On March 11 of this year, the first case of Covid-19 was reported in the state of New Mexico. Two weeks later, on March 25, the first coronavirus-caused death in the state was recorded. Since then, it is fair to say, nothing about life in the Land of Enchantment has not been affected.
On May 25, Memorial Day, an African-American named George Floyd was killed by a Minneapolis Police officer named Derek Chauvin, who kept his knee on Floyd’s neck for almost nine minutes, until he was dead. Since then, who – in NM or anywhere – could claim to be unaffected.
So, the votes cast in the New Mexico primary elections on June 2 or in the days before, were made in the shadows of those two powerful influences … the menace of Covid-19 and the brutal – on video tape it sure looked like – murder of a Black man by a White policeman.
The urgency of current events seems to have been reflected in a record-setting vote. Although some will say the highest-ever turnout for a primary election had as much to do with how voting was done – easily, from home, with mail-in absentee ballots, mailed out to all registered New Mexico voters on request. This, of course, was an accommodation forced by the threat of Covid-19 and the strong desire to minimize physical contact among voters and election personnel.
More than 401,000 New Mexicans voted, a record for a primary. This represented a bit over 40 percent of eligible voters, which was six points higher than in 2016 and 15 points higher than in 2012. Only once in state history, in 1992, did a higher percentage of those eligible vote.
So, what did all those voters do with their votes? The Republicans had to choose among candidates who had all sworn allegiance to President Trump, who chiefly disagreed about who loved their leader best. This produced selections probably more personal than ideological, although in two State Senate districts moderate Republican incumbents were beaten by much harder-right candidates moving up from seats in the State House.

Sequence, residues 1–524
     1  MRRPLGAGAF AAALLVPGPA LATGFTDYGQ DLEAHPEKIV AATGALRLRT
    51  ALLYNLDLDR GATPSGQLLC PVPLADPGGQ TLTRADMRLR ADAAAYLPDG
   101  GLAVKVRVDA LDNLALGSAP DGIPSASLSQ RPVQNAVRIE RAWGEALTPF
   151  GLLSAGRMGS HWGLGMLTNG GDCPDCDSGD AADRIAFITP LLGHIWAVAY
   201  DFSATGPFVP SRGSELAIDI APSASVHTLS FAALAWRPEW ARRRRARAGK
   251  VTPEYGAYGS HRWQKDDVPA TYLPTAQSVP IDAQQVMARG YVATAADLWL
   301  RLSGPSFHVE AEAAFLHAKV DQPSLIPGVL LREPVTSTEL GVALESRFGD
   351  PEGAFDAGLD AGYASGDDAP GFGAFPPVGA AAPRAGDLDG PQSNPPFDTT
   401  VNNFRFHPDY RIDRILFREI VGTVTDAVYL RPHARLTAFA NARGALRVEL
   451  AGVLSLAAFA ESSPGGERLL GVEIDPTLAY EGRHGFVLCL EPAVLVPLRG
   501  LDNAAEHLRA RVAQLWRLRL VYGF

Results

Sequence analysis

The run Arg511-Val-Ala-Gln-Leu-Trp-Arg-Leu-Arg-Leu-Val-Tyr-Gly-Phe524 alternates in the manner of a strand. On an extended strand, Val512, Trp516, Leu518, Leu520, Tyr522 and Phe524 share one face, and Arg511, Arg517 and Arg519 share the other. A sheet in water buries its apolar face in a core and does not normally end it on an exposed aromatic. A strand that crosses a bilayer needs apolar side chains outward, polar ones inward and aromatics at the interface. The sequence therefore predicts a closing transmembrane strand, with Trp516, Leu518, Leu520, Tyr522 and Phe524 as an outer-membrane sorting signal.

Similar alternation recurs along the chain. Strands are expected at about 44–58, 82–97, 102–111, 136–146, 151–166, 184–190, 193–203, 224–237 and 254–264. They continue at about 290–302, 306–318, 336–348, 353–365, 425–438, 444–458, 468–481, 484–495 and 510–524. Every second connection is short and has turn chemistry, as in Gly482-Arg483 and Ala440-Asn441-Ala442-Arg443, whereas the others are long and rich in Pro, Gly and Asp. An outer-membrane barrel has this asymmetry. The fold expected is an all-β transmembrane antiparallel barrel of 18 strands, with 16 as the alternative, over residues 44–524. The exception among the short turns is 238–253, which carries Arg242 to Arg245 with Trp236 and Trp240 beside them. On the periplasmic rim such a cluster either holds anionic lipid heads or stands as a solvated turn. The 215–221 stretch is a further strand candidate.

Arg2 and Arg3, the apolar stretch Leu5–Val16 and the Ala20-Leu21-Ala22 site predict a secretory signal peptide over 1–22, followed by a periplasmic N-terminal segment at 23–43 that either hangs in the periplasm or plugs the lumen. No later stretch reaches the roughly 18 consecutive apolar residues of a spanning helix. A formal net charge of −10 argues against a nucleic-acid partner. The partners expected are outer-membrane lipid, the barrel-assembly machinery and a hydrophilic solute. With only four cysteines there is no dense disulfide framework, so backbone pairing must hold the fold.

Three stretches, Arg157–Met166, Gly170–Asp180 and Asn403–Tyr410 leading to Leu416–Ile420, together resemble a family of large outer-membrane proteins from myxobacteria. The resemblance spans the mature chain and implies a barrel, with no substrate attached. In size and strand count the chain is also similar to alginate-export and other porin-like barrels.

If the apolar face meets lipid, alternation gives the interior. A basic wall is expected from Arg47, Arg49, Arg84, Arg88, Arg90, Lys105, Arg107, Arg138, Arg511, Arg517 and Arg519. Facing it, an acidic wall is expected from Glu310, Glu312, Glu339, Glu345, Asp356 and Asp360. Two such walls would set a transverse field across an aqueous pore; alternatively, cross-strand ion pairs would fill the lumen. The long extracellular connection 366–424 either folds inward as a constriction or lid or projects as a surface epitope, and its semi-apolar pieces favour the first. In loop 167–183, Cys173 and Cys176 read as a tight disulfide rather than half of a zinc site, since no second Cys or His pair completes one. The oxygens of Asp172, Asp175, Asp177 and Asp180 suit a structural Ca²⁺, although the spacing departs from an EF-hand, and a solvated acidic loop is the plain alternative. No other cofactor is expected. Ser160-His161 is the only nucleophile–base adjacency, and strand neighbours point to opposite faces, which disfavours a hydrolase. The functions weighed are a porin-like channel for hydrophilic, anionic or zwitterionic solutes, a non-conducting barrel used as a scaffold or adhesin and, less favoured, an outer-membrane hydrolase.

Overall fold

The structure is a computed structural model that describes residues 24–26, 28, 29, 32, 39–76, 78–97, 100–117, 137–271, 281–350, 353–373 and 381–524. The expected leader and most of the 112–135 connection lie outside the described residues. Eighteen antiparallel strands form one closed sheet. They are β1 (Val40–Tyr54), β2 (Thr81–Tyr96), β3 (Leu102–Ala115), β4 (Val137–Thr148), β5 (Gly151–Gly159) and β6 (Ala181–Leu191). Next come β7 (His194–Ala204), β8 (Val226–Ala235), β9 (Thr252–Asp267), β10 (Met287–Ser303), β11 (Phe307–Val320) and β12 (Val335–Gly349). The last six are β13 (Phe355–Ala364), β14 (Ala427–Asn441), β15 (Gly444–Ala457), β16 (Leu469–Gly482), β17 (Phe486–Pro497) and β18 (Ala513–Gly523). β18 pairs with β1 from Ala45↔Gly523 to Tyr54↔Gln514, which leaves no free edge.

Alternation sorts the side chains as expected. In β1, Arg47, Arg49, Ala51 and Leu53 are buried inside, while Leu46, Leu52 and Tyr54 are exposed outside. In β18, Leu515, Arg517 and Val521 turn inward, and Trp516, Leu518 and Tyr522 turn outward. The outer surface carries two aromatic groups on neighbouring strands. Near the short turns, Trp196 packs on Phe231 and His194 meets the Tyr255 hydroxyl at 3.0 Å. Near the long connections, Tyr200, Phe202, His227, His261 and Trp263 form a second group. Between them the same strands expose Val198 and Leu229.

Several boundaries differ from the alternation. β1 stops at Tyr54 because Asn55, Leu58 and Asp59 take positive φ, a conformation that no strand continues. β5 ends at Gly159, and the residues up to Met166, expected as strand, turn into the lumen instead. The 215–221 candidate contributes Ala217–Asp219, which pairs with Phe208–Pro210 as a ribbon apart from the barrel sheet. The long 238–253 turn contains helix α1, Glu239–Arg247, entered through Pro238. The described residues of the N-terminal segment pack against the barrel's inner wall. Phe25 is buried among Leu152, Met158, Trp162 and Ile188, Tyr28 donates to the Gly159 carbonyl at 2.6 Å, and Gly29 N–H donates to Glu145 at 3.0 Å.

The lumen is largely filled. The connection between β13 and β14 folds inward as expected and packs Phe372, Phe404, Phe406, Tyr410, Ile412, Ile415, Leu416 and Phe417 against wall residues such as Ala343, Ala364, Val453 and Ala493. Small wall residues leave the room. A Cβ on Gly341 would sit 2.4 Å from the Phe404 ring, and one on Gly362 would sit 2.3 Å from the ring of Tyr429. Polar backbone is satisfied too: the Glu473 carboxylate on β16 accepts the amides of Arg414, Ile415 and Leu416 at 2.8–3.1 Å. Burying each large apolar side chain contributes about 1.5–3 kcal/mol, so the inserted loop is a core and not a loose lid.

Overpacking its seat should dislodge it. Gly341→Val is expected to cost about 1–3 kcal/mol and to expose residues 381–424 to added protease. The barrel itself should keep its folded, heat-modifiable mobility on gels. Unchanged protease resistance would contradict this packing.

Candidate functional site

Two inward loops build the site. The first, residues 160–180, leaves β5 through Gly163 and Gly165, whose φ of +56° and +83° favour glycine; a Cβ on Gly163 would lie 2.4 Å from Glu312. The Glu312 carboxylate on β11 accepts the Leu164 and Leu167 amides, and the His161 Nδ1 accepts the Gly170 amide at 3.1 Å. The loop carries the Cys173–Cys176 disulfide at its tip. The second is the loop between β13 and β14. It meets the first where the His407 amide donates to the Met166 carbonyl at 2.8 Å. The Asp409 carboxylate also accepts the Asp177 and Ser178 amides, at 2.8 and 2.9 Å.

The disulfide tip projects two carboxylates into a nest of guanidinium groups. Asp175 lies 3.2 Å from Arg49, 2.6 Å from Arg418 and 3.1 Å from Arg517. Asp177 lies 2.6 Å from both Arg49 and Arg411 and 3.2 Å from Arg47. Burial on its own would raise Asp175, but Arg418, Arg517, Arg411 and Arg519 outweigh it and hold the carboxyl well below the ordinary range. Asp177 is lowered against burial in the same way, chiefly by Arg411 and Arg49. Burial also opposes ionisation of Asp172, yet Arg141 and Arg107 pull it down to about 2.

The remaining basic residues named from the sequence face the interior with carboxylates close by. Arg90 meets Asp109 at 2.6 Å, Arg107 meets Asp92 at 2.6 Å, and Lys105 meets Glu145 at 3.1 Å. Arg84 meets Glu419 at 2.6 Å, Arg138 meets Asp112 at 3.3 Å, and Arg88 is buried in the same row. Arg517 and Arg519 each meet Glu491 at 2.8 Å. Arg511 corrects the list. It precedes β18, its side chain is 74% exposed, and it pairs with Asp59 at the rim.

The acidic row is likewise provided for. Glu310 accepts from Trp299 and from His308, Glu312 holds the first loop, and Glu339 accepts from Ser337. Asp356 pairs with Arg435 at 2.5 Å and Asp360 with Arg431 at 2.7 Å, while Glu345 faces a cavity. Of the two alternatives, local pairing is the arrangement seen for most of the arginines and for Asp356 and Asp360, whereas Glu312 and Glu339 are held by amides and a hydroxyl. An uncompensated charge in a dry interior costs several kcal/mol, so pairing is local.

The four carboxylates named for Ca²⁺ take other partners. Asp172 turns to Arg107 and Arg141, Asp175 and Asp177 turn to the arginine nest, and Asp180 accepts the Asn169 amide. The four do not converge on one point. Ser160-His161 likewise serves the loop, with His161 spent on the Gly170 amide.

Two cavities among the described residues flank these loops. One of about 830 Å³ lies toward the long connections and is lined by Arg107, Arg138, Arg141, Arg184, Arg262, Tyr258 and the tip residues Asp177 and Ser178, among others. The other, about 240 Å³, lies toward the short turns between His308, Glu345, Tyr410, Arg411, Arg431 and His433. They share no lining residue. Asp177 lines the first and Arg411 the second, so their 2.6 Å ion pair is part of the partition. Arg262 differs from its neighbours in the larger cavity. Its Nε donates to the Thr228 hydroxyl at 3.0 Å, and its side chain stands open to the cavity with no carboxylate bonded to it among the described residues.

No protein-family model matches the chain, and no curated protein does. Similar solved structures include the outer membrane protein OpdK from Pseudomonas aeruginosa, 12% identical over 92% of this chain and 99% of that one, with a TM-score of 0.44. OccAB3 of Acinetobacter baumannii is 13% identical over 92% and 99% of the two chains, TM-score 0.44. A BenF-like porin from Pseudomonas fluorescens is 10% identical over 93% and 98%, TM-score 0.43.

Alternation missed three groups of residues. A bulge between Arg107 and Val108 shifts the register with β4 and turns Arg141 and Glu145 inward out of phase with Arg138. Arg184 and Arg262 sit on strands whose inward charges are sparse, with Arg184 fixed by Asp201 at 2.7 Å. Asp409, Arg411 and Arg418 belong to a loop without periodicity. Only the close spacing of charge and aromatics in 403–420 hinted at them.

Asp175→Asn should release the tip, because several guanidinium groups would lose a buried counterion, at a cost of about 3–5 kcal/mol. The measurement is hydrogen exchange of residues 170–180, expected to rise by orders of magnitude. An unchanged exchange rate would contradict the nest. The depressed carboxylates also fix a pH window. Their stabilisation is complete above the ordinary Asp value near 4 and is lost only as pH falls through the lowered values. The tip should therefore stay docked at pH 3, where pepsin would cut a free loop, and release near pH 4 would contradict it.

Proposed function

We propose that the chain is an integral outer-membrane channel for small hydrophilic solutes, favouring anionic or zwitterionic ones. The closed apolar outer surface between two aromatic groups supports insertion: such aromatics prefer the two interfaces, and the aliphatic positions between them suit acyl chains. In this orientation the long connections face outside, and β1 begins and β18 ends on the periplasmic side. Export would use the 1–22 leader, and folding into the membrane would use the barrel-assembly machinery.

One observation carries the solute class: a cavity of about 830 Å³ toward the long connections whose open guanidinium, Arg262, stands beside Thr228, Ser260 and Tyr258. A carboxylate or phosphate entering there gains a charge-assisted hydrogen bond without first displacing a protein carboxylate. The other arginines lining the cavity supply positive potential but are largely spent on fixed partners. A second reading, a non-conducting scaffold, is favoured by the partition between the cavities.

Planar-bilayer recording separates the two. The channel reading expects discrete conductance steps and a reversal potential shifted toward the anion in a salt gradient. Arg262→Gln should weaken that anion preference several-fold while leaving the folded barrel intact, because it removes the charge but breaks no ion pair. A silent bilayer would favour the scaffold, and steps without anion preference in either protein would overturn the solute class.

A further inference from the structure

And Democratic voters? Well, among other things, they mandated what respected pollster Brian Sanderoff called nothing less than “a changing of the guard in the [State] Senate,” Five Democratic incumbents, including the Senate’s leader, the most powerful committee chair and two others went down, all ousted by opponents well to the left of them.
This sounds like good news for Progressives, and great news for New Mexico’s Democratic Governor Michelle Lujan Grisham because the defeated senators had often blocked important items on her agenda.
Trip Jennings runs the fine regional online news organization NM In Depth, a leading source of investigative reporting on issues relating to governance, the criminal justice system, the environment, public education and the fraying social safety net in New Mexico.